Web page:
'find' is not an application that does something useful in and of itself, it is a tool you can use when writing other scripts. You can think of it as 'an advanced version of ls': you wouldn't want to remove 'ls' from your system either, even when it can be invoked in a way that causes I/O (i.e. 'ls -R /').

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Re: FIND

Postby briandc » Fri May 23, 2014 2:58 pm

raboof wrote:'find' is not an application that does something useful in and of itself, it is a tool you can use when writing other scripts. You can think of it as 'an advanced version of ls': you wouldn't want to remove 'ls' from your system either, even when it can be invoked in a way that causes I/O (i.e. 'ls -R /').


So what applications would envoke it at startup, and why? It seems quite strange..


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Re: FIND

Postby heix » Fri May 23, 2014 5:07 pm

briandc wrote:So what applications would envoke it at startup, and why? It seems quite strange..


If you know your way around the command line, you can find out using tools like top, ps and pstree. If you're not that comfortable, you could install htop or something similar. If you call it in a terminal, you can use the up and down arrows to navigate to the "find" process and have a look at its process tree, i.e. by which tool(s) it was called.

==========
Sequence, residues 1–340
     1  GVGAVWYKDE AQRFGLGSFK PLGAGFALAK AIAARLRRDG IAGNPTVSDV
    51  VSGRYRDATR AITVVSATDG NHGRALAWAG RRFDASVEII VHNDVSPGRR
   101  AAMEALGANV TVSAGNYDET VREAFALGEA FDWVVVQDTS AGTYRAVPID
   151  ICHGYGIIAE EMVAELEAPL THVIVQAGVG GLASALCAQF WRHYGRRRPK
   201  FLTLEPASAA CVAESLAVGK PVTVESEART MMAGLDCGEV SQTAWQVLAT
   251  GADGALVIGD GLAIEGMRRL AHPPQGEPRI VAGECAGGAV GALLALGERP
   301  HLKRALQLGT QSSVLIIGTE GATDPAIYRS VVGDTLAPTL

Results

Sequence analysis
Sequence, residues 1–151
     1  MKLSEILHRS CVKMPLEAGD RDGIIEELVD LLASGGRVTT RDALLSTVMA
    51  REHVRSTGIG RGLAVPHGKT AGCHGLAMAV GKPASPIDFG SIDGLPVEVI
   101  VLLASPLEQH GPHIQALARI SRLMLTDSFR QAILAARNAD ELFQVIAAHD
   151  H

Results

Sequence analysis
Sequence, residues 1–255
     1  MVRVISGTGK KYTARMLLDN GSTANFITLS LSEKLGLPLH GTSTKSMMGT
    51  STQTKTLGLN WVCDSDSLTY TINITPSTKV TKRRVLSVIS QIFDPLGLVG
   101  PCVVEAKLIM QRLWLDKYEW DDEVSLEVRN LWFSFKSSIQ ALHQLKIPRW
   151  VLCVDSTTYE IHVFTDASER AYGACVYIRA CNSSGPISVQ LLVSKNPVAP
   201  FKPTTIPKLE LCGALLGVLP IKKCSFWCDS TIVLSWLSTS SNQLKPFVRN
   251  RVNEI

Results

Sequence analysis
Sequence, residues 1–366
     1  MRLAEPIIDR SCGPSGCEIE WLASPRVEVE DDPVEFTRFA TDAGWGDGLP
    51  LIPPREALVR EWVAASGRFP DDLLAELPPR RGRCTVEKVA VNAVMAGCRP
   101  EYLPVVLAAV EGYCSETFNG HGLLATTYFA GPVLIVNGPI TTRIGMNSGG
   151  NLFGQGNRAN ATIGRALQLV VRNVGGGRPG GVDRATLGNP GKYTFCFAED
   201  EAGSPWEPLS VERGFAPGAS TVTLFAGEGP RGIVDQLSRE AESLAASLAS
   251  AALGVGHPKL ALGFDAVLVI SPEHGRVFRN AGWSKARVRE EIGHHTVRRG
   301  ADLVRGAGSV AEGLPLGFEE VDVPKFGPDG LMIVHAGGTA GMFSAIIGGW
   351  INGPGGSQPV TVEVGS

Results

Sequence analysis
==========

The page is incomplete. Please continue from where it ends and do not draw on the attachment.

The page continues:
heix

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Re: FIND

Postby briandc » Fri May 23, 2014 7:12 pm

heix wrote:
briandc wrote:So what applications would envoke it at startup, and why? It seems quite strange..


If you know your way around the command line, you can find out using tools like top, ps and pstree. If you're not that comfortable, you could install htop or something similar. If you call it in a terminal, you can use the up and down arrows to navigate to the "find" process and have a look at its process tree, i.e. by which tool(s) it was called.

heix


Indeed, I discovered it was running just by running top. But how can I find the process tree?


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Re: FIND

Postby heix » Fri May 23, 2014 9:07 pm

briandc wrote:Indeed, I discovered it was running just by running top. But how can I find the process tree?